Films in Hawaiʻi can be good, but not for local residents
By: Megan Lucas
26 September 2019
Many films and TV shows have been shot in Hawaiʻi over the years, and some of them were successful. In order to be successful, a lot of controversy has happened in some quiet neighborhoods. Local neighborhoods have been saturated by certain film productions, leaving them upset. Hawaiʻi State Film Commissioner Donne Dawson deals with the highs and lows of filming in Hawaiʻi.
“The Film Productions that film in Hawaiʻi that are filming on public land have to have a film permit. Whether they get it from the state, the county, or the federal government. It's whoever has jurisdiction over the land," Dawson said.
“We're always trying to educate our productions on the uniqueness of Hawaiʻi. The uniqueness of our culture and the uniqueness of our environment, our natural environment because we want them to be able to be good to the environment. Be good to the communities that they work in and sometimes, most times, it goes great. But we do have situations where productions come and they don't embrace the notion that they are guests in our home.”
We met in her office which is covered with posters and awards from movies such as Jumanji, Moana, Lost, and of course, Hawaiʻi Five-O to discuss some of the pros and cons of filming on the island.
This tune established the Hawaiʻi film industry in the 1960s and still supports a thriving industry today.
Just last month gunshots used in a film production startled a quiet Kailua neighborhood.
“Neighborhoods, where they’ve been saturated with film production and they're kind of over it, and we have to give those neighborhoods a break. It's all over, you know the North Shore is a good example," Dawson said. "A number of our film productions that come in here have sort of water element to them and they want to be filming out on the North Shore and that can conflict with people who live out there to be away from it all but also you know users of the ocean. You know a good example was Lost because Lost had to set up their primary set right in the middle of a public beach.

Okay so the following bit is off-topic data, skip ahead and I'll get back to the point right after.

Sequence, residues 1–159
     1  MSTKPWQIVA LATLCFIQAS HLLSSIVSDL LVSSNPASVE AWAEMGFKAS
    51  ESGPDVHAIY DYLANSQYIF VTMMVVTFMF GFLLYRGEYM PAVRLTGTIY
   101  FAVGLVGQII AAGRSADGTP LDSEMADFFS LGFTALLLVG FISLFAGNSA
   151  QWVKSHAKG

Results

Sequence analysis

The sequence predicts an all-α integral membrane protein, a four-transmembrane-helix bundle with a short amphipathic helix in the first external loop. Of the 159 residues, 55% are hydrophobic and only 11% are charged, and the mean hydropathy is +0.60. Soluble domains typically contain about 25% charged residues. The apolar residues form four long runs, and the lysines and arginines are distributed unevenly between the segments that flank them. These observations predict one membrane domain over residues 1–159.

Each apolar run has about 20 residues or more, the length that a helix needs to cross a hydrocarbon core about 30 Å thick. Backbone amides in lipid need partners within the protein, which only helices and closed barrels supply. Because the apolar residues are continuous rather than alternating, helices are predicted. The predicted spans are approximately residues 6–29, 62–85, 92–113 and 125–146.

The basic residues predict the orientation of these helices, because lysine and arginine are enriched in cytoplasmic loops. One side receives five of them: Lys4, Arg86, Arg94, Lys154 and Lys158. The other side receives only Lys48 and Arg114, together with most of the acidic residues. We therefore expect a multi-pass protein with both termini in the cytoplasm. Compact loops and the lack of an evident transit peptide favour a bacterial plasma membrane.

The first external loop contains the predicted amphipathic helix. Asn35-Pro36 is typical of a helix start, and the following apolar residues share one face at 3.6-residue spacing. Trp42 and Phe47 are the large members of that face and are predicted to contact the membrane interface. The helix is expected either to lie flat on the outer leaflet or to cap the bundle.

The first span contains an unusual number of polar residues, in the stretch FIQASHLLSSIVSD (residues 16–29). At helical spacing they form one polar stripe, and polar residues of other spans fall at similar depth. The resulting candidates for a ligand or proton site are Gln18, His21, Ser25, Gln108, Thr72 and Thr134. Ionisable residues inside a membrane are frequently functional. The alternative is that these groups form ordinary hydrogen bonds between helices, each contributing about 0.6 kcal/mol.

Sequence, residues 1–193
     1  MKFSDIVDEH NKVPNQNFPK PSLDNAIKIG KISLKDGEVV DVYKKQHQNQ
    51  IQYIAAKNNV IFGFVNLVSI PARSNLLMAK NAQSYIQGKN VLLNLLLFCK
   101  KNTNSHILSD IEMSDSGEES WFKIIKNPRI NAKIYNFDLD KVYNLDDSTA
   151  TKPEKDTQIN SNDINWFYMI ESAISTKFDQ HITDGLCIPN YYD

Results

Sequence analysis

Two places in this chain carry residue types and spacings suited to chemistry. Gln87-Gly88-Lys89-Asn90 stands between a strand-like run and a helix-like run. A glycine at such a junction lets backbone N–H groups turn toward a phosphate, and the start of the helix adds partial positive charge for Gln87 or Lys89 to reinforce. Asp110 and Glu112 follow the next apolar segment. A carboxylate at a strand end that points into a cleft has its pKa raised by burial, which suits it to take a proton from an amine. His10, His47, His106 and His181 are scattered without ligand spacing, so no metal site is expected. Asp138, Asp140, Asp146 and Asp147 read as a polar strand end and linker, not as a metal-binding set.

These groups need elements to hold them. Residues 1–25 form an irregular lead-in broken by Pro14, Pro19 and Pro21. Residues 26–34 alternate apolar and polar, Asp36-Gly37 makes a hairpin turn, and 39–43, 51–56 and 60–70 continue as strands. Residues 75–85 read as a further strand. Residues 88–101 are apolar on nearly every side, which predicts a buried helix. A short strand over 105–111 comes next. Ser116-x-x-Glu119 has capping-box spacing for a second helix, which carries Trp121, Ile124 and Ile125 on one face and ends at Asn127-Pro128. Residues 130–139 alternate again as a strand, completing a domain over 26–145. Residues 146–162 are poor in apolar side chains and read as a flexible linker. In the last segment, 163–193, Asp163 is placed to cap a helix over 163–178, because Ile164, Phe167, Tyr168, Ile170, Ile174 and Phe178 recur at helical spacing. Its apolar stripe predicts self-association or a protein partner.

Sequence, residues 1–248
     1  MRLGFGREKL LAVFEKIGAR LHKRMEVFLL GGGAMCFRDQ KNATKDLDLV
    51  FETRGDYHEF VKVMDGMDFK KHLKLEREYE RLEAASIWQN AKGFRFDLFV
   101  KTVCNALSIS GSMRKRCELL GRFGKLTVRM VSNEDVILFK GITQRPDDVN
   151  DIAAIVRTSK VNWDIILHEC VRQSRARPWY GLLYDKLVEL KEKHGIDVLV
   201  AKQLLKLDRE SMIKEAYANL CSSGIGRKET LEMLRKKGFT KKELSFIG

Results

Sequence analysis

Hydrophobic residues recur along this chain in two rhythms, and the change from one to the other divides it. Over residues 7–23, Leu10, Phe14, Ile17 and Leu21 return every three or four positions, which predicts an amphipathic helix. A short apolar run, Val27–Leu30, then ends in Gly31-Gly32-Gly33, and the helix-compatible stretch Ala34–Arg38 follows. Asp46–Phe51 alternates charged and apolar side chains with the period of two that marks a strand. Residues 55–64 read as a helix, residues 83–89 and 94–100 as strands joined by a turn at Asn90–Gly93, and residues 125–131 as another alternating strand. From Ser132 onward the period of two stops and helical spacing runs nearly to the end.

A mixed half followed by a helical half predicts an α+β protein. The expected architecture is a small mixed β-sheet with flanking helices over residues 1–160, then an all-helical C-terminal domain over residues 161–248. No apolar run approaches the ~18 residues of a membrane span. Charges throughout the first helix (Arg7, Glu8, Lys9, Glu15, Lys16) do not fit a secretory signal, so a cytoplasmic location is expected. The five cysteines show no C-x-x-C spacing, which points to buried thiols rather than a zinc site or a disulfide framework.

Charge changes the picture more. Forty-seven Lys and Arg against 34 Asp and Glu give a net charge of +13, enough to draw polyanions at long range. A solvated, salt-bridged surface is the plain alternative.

Palolo resident Ryan Jacobson shares his thoughts on the situation.
“It would have been nice to have a heads up when they filmed like right down the street from where I live. You know it sucks because they took all the street parking.”
“I mean it is such a good industry for Hawaiʻi but we don't want people to get burnt out on it. I know, I remember one hell of a Five-0 sunset on the beach premiere where Alex Loughlin who plays McGarrett got up. He wasn't planning on saying anything at the event but he took the microphone and he thanked the residents of Hawai’i because we wouldn't have a show if you did not welcome us into your homes," Jacobson said.
“And we know it's a pain. We know we can burn out a neighborhood but we just want to tell you how grateful we are and appreciate how you allow us to make this show."
The next time you hit traffic because of a film production just remember it’s for the good of our islands.